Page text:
Chewy ice cream. That's the fastest way to describe dondurma, or Turkish ice cream, unique not only for its dense texture, but also for its prolonged ability to withstand melting, even in the summer heat. Its secret weapon is salep, found in the roots of a special type of orchid. They use it in every ice cream in the display counter at Hakiki, Newtown's newest dessert house, with flavours that run from Black Sea hazelnut to Turkish Delight to the wild sounding melon and feta.
Husband and wife team Nev and Zeyneb Bagriyanik are the force behind Hakiki, opening on Enmore Road in late April of this year. Nev is in charge of the dondurma, churning it by hand each day. He uses a traditional long paddles to stretch and pull the ice cream mixture, made from a blend of goat and cow's milk.
Turkish coffee dondurma Turkish ice cream
The display cabinet offers a rainbow of flavours. Most customers are struck by indecision. Chirpy staff behind the counter are keen to offer tastings but - speaking from experience - that only tends to increase, not decrease, the number of flavours being considered.
Sour cherry baklava
Wife Zeyneb is a qualified pastry chef, pumping out a range of baklava flavours not normally seen. That includes the likes of sour cherry, apple and cinnamon, and grape molasses and tahini alongside plain pistachio or walnut.
Turkish coffee cup holders
Turkish coffee is brewed the proper way - in traditional copper pots. The strong and dark brew is then poured into tiny coffee cups set inside ornate coffee holders with lids. And sure you could stick with black or white coffee, but why would you when there are flavourings of chocolate, cardamom, cinnamon or mastic on offer?
Kettles on the boil
If it's too late for caffeine, they do hot chocolates, Turkish tea, apple tea and salep, a popular hot drink of milk thickened with salep flour and dusted with cinnamon.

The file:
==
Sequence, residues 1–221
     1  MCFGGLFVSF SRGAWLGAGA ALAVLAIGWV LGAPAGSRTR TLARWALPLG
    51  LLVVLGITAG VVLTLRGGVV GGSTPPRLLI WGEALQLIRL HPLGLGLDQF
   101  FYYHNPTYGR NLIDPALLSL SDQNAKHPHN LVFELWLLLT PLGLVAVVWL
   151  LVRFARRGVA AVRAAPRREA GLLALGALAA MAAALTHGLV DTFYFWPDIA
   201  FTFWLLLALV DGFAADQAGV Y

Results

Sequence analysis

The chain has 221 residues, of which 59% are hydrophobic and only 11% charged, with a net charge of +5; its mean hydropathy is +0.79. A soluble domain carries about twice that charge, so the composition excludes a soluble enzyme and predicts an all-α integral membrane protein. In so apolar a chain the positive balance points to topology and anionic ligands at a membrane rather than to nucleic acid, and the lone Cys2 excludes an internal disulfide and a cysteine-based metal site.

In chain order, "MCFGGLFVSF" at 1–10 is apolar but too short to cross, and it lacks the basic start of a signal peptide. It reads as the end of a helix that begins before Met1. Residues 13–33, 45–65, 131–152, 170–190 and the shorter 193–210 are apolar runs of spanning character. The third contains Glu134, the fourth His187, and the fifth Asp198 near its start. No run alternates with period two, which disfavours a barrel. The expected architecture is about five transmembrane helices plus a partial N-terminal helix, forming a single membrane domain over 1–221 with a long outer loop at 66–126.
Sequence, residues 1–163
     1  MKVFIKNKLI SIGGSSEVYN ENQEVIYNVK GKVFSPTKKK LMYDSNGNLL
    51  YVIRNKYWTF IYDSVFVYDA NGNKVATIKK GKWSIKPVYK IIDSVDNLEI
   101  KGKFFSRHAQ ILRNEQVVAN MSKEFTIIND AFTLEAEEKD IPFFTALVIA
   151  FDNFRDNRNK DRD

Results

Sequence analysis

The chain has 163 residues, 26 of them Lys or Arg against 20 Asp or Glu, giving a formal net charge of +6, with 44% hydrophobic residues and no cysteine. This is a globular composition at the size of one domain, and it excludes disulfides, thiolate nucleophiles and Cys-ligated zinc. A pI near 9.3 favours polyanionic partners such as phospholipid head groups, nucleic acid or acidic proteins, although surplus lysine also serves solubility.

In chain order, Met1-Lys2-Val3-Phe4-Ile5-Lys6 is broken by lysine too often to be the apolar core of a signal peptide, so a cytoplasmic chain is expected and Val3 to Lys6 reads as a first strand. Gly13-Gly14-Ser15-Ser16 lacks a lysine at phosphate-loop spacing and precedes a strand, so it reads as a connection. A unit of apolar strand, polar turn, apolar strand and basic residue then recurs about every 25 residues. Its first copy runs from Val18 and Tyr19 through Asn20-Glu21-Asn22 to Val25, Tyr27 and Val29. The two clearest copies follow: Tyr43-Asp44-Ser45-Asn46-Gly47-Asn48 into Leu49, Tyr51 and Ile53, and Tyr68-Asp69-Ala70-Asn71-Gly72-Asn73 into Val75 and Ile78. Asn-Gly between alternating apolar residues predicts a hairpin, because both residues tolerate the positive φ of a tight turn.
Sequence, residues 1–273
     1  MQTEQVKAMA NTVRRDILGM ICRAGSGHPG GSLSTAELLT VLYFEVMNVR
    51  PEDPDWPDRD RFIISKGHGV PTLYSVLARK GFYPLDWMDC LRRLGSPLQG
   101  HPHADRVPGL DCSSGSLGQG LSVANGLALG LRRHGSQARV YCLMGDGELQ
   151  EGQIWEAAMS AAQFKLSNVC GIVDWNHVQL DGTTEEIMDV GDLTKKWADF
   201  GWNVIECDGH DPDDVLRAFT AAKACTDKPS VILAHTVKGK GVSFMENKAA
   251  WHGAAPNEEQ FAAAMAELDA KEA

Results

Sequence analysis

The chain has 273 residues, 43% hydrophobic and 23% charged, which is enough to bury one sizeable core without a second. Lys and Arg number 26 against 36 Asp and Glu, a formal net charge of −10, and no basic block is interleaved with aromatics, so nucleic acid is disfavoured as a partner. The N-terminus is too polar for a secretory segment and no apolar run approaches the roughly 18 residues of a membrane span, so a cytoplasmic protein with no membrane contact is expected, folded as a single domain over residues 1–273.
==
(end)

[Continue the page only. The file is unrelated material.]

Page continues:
Baklava Turkish ice cream
But let's face it. It's all about that dondurma ice cream. Who cares if its the dead of winter? The night crowds still flock here. The promise of baklava ice cream will do that to you.
Pistachio; tahini and grape molasses; and melon and feta dondurma Turkish ice cream
The ice cream comes in three sizes: small ($4), medium ($6) and large ($8). The tahhini and grape molasses is studded with chunks of halva, a crumbly sweet made from sesame paste (tahini). Pistachio has an intense and natural nuttiness but its the melon and feta that has me going back for me - a wicked combo of rockmelon with feta cheese. The rockmelon really does taste like the real thing.
Turkish coffee, Black Sea hazelnut and 100% cacao bean dondurma Turkish ice cream
Turkish delight is a winner too, subtly nuanced with rosewater and in a blushing shade of pink. For stronger flavour hits, head for the bitter but good 100% cacao bean or the Turkish coffee that tastes like a super strong iced coffee. My absolute favourite so far, however, has been the Black Sea hazelnut, super fragrant with an eye-opening intensity of pure hazelnut.
The ice creams all hold their own when it comes to flavour, without any overriding sense of artificial flavouring or cloying sweetness. There's a terrific chewiness to it too, like the love child of creamy ice cream and a Japanese mochi rice cake.
Hakiki means "genuine" in Turkish. We reckon it's the real deal too.
Turkish coffee copper tins
Hakiki Turkish Ice Cream
63-71 Enmore Road, Newtown, Sydney
Tel: +61 (02) 8040 1676
Open daily 10am-11pm
Related Grab Your Fork posts:
Turkish ice cream - Mado Cafe, Auburn
17 comments - Add some comment love
7/23/2015 12:08:00 am